Right now, nine states do not charge state income taxes, which means residents in those states don’t need to file a state-level tax return. While an obvious benefit of that is a reduction in their annual tax liability, are there also drawbacks to living in a state without income taxes?
Here, learn the pros and cons of no state income tax. This intel can help you determine if living in a state with no income tax is better for you.
Which States Have Zero State Income Tax?
Currently, nine states do not have state income tax on earned income:
• New Hampshire*
• South Dakota
*New Hampshire currently charges state taxes on interest and dividends but not on income, but it is set to phase this out after 2026, as Tennessee has recently done.
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What Are the Pros and Cons of Having No State Income Tax?
At first blush, having no state income tax sounds like a win for Americans — and for many high-earners, it might be. However, there are also downsides to living in a state with no income taxes. Here’s a closer look.
Pro: You’ll Spend Less Money on Income Taxes Overall
While nearly everyone must file federal taxes, residents in states without income taxes will benefit from a lower overall tax bill each tax season. This can be a boost to one’s financial health.
Con: You’ll Likely Spend More on Sales and Property Taxes
Just because states don’t charge income taxes doesn’t mean they’re not getting revenue through different types of taxes. States without income taxes sometimes have higher sales and property taxes, for example.
Tennessee, Washington, Nevada, and Texas are all in the top 20 states with the highest combined state and local sales tax. New Hampshire, Texas, and Florida all have property taxes higher than the national average — with the former two in the top 10 states overall.
An added con to this: Unlike income taxes, which get progressively higher based on your income level and resulting tax bracket, sales taxes are the same no matter how much you make. That means lower-income taxpayers shoulder a heavier tax burden in states with no income taxes, according to the Institute on Taxation and Economic Policy.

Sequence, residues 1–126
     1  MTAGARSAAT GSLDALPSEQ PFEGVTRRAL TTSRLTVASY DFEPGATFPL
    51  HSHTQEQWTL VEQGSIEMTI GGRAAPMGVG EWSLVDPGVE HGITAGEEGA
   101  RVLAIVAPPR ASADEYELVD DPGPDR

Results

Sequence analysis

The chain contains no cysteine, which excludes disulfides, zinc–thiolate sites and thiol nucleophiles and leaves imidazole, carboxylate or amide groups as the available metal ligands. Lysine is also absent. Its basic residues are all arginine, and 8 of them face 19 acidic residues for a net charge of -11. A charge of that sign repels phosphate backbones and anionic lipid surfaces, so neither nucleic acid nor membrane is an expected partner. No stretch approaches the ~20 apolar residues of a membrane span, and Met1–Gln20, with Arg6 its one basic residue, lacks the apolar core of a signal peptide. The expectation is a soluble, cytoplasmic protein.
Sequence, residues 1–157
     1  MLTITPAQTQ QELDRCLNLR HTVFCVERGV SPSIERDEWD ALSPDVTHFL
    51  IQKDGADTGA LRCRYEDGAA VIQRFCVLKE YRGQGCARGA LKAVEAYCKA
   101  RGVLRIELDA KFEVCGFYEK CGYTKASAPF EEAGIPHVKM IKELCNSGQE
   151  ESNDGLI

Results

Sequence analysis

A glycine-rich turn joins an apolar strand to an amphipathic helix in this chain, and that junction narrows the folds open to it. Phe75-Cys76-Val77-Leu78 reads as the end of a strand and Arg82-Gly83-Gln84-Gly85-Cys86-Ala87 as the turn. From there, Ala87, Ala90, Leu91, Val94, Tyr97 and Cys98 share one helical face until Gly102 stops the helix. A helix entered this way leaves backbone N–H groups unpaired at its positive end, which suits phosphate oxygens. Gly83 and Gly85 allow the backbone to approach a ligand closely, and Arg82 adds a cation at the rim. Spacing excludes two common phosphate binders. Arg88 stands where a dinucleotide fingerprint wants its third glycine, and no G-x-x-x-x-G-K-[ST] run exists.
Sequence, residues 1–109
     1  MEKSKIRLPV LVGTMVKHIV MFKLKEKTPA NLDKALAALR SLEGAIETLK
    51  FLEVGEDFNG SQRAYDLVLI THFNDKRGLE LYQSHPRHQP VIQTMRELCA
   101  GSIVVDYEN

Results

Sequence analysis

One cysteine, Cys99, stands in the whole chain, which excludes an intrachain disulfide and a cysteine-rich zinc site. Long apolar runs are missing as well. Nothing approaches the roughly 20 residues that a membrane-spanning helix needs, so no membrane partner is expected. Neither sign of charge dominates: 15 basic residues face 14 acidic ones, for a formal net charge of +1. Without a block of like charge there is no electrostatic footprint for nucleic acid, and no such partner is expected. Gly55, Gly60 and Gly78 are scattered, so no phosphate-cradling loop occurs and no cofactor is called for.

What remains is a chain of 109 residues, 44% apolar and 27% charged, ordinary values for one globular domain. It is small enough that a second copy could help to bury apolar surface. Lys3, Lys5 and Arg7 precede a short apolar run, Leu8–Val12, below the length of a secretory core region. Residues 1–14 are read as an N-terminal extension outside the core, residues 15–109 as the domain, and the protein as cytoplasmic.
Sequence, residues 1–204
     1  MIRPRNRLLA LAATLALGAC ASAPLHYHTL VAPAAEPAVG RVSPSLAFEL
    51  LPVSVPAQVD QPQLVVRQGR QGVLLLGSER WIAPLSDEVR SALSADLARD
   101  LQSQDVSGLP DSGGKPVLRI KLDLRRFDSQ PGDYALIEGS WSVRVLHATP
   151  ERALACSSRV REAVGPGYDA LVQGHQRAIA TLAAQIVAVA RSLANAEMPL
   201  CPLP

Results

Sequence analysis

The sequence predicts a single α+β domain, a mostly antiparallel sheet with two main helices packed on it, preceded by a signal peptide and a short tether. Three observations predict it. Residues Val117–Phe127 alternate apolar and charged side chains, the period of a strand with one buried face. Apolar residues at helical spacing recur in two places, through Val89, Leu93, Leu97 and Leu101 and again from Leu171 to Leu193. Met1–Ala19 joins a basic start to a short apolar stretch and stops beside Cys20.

Pro: Tax Filing Is Easier
If you live in a state without income tax, filing can be a breeze. You’ll have one less tax filing deadline to worry about.
Those who reside where state tax is collected, however, may need to invest in professional tax software or an accountant to handle their state taxes. This is of course an added expense — and creates extra steps in the tax filing process.
Con: There’s Less in the Budget for Infrastructure and Education
States use income taxes to fund projects like improving infrastructure and investing in education. Without income taxes, there could be less in the budget for such investments.
For instance, Nevada, Florida, Tennessee, and South Dakota are all among the top 10 states that spend the least amount of money per K-12 student, per a report from the Education Data Initiative. The common thread? These four states don’t have income taxes.
Pro: Having No Taxes Can Attract People to Move to the State
A lack of state income taxes may be a selling point for many people looking to move, whether they are looking for a more affordable lifestyle, a welcoming state to retire in, or to be closer to friends and family.
Why does this matter? An influx of residents to a state can be a boon to the local economy.
Con: Cost of Living May Be Higher